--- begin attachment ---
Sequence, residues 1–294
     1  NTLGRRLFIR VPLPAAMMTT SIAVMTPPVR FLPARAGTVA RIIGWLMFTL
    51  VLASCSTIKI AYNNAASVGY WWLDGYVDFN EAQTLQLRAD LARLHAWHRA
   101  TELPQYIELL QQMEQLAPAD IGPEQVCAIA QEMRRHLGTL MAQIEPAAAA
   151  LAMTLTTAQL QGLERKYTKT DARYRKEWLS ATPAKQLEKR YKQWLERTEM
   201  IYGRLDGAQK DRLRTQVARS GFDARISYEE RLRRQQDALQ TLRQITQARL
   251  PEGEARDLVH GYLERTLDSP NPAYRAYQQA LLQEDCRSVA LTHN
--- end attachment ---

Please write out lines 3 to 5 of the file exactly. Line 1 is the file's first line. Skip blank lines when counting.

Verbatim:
    51  VLASCSTIKI AYNNAASVGY WWLDGYVDFN EAQTLQLRAD LARLHAWHRA
   101  TELPQYIELL QQMEQLAPAD IGPEQVCAIA QEMRRHLGTL MAQIEPAAAA
   151  LAMTLTTAQL QGLERKYTKT DARYRKEWLS ATPAKQLEKR YKQWLERTEM